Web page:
160 kilometers of what once was the strip of cleared land on which the Wall stood and which marked the zone subject to a shooting order surround Berlin and run through the city.
20 years after the fall of the Wall there are few traces of what had such a profound impact on the lives of so many people. The Wall was removed, the cleared area built upon or turned into idyllic recreation space and generally taken over by day-to-day life at a swift pace. The scenes and stories experienced there could be seen anywhere. It is as if nothing had happened.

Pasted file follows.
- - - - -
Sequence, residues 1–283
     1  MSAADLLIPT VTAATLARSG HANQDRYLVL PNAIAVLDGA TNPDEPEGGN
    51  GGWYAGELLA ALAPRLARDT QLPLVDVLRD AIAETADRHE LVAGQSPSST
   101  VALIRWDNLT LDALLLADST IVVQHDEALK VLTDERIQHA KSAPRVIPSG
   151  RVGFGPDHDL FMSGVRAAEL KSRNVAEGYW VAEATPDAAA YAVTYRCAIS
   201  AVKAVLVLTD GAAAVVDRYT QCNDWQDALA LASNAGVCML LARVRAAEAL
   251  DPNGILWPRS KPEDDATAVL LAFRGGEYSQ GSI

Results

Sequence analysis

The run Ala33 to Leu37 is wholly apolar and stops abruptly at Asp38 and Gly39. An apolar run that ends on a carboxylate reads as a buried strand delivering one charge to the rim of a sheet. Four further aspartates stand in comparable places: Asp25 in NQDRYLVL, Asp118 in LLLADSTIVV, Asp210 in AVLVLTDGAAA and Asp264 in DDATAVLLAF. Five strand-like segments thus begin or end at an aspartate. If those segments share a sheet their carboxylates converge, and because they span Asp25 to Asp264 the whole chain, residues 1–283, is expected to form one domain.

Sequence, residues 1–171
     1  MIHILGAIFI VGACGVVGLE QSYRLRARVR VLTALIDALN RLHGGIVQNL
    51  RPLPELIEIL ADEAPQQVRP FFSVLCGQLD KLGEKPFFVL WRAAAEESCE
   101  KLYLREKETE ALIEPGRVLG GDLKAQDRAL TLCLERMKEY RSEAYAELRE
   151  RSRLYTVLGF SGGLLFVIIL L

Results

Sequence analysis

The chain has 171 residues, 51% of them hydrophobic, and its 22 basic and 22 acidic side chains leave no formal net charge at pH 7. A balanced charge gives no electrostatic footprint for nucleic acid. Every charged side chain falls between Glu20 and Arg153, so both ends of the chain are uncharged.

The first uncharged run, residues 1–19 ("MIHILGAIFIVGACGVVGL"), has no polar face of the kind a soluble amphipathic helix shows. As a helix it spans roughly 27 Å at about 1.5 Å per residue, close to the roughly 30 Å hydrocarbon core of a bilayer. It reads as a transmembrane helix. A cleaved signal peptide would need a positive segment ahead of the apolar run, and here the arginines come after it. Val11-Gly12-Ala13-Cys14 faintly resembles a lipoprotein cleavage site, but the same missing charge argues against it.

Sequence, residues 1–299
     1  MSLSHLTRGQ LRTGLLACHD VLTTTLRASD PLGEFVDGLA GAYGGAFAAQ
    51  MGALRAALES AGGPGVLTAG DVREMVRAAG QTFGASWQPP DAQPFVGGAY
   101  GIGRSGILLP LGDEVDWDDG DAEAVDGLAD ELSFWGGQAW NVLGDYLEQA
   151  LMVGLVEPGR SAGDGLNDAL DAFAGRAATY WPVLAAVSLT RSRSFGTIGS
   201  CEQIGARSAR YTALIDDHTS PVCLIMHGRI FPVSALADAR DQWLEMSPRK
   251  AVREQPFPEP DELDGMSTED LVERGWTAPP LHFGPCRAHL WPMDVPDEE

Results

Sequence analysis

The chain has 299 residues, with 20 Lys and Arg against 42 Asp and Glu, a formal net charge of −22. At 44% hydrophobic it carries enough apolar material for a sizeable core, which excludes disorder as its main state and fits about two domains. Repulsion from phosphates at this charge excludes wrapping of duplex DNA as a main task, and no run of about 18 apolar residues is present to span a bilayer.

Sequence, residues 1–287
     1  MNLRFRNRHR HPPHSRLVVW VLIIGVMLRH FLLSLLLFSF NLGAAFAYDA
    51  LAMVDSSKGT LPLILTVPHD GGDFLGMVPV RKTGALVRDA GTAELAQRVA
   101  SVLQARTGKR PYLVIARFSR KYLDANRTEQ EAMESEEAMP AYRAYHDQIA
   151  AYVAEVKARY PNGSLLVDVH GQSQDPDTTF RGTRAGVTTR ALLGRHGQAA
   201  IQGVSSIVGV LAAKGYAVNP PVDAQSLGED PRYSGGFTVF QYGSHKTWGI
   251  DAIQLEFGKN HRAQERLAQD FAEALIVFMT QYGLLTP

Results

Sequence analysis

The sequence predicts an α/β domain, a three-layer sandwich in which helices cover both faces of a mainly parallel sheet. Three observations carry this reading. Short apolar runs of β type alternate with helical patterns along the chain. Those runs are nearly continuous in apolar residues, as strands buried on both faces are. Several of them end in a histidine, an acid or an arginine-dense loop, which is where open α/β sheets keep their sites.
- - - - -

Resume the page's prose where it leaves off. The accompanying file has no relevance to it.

The historical border strip can be accessed from an almost continuous bike path. In the course of a year I explored each section countless times. The invisibility of the death strip, the absurdity of this normality, the forgetfulness of the past were the reasons why I set out on this path. I met people who nowadays have claimed this no-man's-land for themselves without remembering the past, joggers and recreation people, recent newcomers and house owners. However, many old inhabitants who had spent their lives in the immediate vicinity of either the west or the east side of the death strip, still live there. In many places the neighbors, suddenly no longer separated, had connected. But I also found many who still have the Wall in their heads. Other man-made barriers between people around the world have sprung up, and the German story was always too humanly truthful to loose its relevance.